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Anticipating the cascading impact of the COVID-19 crisis on the advertising industry and client/agency relationships.
— Read the published AdExchanger article —
We are all too familiar with the chain reaction produced when one event sets off a series of inevitable events.
Today’s economic crisis and COVID-19 pandemic has also set in motion several events in our industry that will profoundly change the landscape for years to come.
The COVID-19 crisis has created four major pressure points for budgets, talent, productivity and relationships.
Domino effect No. 1: budget pressure
The uncertain economic outlook requires advertisers to take a conservative approach to financial management. They must walk a fine line between cutting budgets, which may hamper their growth, and reducing ordinary spending, which might prove to be risky.
Naturally, we should expect every expense category to be revisited and evaluated, then if justified, reprioritized. This financial pressure may lead advertisers to apply more pressure on agency fees by renegotiating contracts and commitments. We should expect advertisers to be increasingly less flexible on payment terms, putting many small agencies at risk from a cash-flow perspective. Advertisers are also likely to increasingly favor project-based relationships over large committed retainers for part of the work.
Advertisers are also likely to bid for large projects and look for efficiency measures with agencies to eliminate waste as they squeeze every dollar from their marketing budgets.
Domino effect No. 2: talent pressure
The slowing down and in some instances, complete standstill of the economy has resulted in sizable layoffs in the advertising industry as it copes with the financial implications of the pandemic. Agencies are looking for ways to limit the lasting impact these decisions may have on their resources and, frankly, their viability.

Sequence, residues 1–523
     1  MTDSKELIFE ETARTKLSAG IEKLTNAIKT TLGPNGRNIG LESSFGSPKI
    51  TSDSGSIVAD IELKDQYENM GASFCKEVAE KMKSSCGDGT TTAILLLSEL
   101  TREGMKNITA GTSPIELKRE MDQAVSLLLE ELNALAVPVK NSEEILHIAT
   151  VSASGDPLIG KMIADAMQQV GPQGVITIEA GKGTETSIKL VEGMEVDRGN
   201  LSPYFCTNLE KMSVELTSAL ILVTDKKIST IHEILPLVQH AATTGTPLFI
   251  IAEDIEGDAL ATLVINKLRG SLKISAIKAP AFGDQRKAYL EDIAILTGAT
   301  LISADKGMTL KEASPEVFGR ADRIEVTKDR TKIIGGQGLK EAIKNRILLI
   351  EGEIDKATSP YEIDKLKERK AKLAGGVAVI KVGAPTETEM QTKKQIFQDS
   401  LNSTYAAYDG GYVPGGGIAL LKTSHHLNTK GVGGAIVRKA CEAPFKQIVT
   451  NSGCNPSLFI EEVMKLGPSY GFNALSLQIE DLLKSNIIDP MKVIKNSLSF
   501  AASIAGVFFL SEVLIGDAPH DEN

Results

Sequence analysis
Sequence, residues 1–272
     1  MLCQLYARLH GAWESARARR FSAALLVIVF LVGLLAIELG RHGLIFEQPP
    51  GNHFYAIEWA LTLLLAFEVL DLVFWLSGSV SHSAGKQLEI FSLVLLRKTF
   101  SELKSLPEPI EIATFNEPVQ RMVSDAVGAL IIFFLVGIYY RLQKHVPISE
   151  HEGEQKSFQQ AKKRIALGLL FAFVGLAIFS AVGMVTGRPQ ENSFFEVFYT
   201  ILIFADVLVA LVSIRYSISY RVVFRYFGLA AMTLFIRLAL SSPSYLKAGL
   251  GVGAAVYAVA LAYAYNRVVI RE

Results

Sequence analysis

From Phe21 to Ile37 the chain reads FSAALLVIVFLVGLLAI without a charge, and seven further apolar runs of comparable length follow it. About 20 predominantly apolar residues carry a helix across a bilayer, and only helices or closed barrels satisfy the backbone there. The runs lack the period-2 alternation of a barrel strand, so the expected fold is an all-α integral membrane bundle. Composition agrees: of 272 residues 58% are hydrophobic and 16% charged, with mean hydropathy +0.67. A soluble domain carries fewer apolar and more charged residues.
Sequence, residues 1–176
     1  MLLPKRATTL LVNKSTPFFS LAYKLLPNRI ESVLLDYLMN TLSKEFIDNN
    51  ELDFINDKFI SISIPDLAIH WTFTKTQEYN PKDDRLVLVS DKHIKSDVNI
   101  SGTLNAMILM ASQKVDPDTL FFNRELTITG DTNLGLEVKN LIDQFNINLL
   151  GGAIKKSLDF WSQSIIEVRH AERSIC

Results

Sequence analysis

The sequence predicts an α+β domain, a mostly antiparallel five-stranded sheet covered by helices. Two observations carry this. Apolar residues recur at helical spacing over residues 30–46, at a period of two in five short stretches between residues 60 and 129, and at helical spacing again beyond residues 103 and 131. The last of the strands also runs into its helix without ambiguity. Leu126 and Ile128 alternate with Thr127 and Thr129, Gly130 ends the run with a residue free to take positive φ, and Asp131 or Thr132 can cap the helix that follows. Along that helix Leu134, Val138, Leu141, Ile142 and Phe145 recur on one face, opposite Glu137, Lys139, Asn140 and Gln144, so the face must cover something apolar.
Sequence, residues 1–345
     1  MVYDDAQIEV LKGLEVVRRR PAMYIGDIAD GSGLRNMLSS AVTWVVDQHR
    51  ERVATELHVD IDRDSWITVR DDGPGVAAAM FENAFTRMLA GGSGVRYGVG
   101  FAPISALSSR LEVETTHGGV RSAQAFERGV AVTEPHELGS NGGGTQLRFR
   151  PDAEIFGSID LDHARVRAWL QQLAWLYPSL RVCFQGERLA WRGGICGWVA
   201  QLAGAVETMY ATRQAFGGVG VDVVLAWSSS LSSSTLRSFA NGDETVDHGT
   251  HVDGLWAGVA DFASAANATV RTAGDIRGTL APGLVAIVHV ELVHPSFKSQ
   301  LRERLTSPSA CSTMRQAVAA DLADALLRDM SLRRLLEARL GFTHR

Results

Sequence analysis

If they haven’t already, agencies are likely to favor the use of freelance resources to reduce the financial burden. And yet, as talent in the advertising industry seek new opportunities, this will create significant gaps in some areas. Top talent will be harder to secure. The pressure will extend to the way we manage talent, with fewer face-to-face interactions, in-person meetings and less business travel, even after economies reopen.
The work-from-home phenomenon has whetted appetites for smaller travel budgets and more remote meetings. One of the long-term psychological effects on talent will be even less company loyalty and a willingness to move jobs more frequently.
Domino effect No. 3: productivity pressure
Productivity has become a necessity of this new economic reality. The traditional ways of working are obsolete, and we are now learning new methods to accomplish more. We should expect to see increasingly more tasks being automated. Processes are also being streamlined to take less time and effort. Decision-making is simplified to allow organizations to be more agile and opportunistic.
And yet, to drive significant productivity gains, complete goal alignment and a common set of KPIs are essential to moving faster and in concert with internal and external teams, including agency partners. The expectations have never been greater on both ends of the relationship spectrum. Being productive means being accountable to each other.
Domino effect No. 4: relationship pressure
Relationships between advertisers and their agencies will not be exempted from this cascading effect. The pressure will manifest itself with a stronger desire for mutual accountability. (You’ve got my back and I’ve got yours.) Process rigor and quality control will become a central part of the relationship, as mistakes or missteps are simply too costly.
Some advertisers may leverage this opportunity to reevaluate their needs, conduct account reviews and change agencies. We may see some client and agency relationships shrink in scale and longevity as a result. But the process to do this will be significantly simplified and accelerated. Selecting a new agency will likely happen in a matter of weeks, not months.
Although I refer to a domino effect metaphorically, the current situation feels more like a snowball effect where trends that have played out slowly eventually grow and speed up disastrously.
Who knows how long this snow-covered slope will be? And what is the grade of the hill? What we do know is that under pressure the worst, but also the best, of people and relationships will emerge.
By: Bruno Gralpois, Co-Founder & Principal